The commitment I must constantly make with myself is to make good eye contact with those around me, acknowledging their opinions and statements, focusing on empathetic listening. I encourage my AVID students (and all students) to be assertive when they engage in a conversation, but to also practice good listening skills. These skills include waiting for people to finish their sentences without interruption (which is part of our Socratic Seminar and Philosophical Chairs activity norms in AVID), restating said statements/opinions, and not attempting to refute the opinions or statements of others by attacking the person, but rather, focusing on the content of the language. It is a great life skill and one that I was able to practice after Back-to-School night this last week.
At the end of the last bell at Back-to-School last Tuesday, I had a parent stay to conference with me about her child. I made a phone call to her earlier in the week to discuss progress her son has been making, but to also address some growing concerns. She came in and started to apologize, then came to tears. I let her finish and acknowledged that her son has many positive characteristics that will enable him to reach his potential. She began to tell me more about his life story, and had I not listened actively and with empathy, I would not have understood the depths of her son's issues. It really did make me choke up, and I assured her I would stay in communication with her via text-message and/or Schoolloop on a daily or weekly basis. The most rewarding part of this, though, is that her son has been actively participating in collaborative activities in class this week.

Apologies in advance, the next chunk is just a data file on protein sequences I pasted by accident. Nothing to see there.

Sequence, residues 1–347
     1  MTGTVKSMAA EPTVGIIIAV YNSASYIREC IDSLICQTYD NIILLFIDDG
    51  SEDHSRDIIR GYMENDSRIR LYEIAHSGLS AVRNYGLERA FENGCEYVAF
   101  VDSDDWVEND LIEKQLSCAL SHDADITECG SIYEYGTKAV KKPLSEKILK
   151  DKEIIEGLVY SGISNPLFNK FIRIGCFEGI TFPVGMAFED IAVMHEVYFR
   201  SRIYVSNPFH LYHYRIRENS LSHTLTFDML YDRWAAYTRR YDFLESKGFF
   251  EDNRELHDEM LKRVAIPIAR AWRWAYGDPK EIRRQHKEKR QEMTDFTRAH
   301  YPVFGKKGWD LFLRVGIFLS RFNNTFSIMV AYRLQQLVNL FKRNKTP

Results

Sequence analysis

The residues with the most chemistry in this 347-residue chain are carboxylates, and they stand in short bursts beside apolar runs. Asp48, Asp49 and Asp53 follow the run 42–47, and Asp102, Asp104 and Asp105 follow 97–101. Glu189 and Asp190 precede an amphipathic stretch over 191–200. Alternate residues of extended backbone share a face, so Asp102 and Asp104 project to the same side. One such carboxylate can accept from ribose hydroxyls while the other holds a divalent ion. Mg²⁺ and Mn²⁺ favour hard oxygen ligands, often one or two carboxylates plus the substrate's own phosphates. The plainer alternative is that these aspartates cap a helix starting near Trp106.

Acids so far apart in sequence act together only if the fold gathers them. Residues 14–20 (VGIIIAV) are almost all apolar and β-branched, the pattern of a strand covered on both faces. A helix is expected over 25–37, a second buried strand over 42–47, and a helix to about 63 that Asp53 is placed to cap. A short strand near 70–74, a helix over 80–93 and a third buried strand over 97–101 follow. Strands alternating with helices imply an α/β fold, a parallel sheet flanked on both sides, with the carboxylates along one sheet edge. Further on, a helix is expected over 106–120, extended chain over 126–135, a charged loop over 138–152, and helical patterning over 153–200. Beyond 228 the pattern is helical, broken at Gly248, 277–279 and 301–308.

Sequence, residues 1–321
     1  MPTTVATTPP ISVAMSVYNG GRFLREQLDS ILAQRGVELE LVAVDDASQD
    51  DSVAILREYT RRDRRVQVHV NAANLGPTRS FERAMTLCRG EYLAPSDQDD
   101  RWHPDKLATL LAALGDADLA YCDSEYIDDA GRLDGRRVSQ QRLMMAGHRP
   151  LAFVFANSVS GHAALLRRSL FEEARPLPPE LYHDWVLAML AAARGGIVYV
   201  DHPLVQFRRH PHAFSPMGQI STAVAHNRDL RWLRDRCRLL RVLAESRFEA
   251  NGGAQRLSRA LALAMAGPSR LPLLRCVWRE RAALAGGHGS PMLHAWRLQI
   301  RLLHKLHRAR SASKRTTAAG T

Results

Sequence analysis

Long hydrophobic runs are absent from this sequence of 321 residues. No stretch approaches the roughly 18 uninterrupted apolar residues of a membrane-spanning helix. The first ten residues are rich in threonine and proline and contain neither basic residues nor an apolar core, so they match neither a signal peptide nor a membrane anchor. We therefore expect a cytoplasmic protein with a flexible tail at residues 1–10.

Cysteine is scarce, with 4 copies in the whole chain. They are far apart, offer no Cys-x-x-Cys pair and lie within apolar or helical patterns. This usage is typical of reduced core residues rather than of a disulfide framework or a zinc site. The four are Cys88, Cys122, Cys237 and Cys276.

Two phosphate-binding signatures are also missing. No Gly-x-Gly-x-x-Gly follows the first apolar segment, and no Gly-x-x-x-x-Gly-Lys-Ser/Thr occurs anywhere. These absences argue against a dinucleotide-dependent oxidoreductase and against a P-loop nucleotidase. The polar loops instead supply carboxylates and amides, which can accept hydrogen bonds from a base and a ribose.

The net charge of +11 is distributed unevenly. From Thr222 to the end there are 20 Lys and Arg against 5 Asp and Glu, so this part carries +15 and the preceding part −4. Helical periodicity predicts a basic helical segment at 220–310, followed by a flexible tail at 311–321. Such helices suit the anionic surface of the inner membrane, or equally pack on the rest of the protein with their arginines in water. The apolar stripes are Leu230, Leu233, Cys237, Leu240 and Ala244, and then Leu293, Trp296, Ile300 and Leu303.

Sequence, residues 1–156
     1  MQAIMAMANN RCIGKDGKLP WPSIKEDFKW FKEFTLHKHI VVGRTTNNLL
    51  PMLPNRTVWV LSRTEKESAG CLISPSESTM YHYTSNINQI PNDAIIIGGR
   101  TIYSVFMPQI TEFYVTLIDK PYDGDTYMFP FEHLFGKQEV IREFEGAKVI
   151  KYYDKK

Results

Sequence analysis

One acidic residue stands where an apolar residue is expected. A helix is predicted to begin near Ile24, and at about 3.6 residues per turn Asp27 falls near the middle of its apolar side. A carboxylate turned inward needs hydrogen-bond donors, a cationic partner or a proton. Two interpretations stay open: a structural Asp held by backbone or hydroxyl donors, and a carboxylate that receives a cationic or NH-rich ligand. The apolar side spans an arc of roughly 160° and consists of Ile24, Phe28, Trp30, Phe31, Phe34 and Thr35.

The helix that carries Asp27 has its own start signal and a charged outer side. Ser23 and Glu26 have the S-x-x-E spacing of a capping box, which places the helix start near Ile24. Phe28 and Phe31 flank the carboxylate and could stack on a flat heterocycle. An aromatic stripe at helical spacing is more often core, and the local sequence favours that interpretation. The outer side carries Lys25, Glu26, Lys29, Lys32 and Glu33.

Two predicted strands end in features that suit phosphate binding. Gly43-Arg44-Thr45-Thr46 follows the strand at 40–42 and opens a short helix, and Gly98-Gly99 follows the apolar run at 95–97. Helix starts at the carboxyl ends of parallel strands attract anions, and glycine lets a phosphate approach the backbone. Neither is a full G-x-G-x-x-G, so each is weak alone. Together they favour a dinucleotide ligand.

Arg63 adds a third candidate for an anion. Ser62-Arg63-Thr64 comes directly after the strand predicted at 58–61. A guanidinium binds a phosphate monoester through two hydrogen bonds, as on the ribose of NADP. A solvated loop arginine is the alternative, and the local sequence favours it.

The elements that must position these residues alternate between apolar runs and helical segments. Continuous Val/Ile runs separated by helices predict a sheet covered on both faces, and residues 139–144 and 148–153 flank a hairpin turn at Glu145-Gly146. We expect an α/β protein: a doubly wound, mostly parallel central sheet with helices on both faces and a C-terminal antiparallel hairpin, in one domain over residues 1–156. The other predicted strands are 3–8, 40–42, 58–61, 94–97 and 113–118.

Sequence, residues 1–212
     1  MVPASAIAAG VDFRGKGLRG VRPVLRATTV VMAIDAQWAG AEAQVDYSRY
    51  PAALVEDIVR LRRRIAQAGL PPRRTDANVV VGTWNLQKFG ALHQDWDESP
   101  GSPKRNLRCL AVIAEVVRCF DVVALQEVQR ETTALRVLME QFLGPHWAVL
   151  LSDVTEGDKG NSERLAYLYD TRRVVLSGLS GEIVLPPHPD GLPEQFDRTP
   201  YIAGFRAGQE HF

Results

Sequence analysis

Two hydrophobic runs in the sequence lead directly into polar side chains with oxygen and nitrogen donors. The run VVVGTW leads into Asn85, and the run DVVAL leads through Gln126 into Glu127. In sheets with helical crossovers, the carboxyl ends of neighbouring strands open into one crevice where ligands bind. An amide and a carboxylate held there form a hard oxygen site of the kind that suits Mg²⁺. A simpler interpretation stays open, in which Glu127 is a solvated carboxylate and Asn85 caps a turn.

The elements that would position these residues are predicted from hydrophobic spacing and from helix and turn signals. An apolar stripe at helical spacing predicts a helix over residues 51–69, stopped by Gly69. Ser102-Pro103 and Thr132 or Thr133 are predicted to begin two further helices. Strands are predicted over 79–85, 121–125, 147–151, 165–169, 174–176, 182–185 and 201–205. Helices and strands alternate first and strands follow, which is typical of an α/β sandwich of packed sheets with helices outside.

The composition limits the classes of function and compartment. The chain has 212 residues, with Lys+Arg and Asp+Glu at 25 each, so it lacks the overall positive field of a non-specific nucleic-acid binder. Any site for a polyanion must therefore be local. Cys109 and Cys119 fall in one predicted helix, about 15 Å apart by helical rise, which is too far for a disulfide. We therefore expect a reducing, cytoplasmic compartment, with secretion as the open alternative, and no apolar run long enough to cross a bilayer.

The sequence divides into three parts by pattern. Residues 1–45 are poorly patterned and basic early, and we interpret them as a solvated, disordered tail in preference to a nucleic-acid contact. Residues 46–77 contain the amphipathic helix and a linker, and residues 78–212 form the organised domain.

My challenge for my AVID students this week is to have them engage in at least one conversation with someone in their lives to really seek first to understand. This could be with a teammate, coach, family member, classmate or teacher. I even challenged my cross country runners to do the same with other athletes at our upcoming race. To firmly shake the hands of their competitors and ask one genuine question without interrupting. Then, after the race, go back to acknowledge that person (or people). I'm confident this is something we can do, as we have done some fun team-bonding activities in the past where athletes are challenged to compliment someone around them with a genuine praise. I'm eager to see what happens!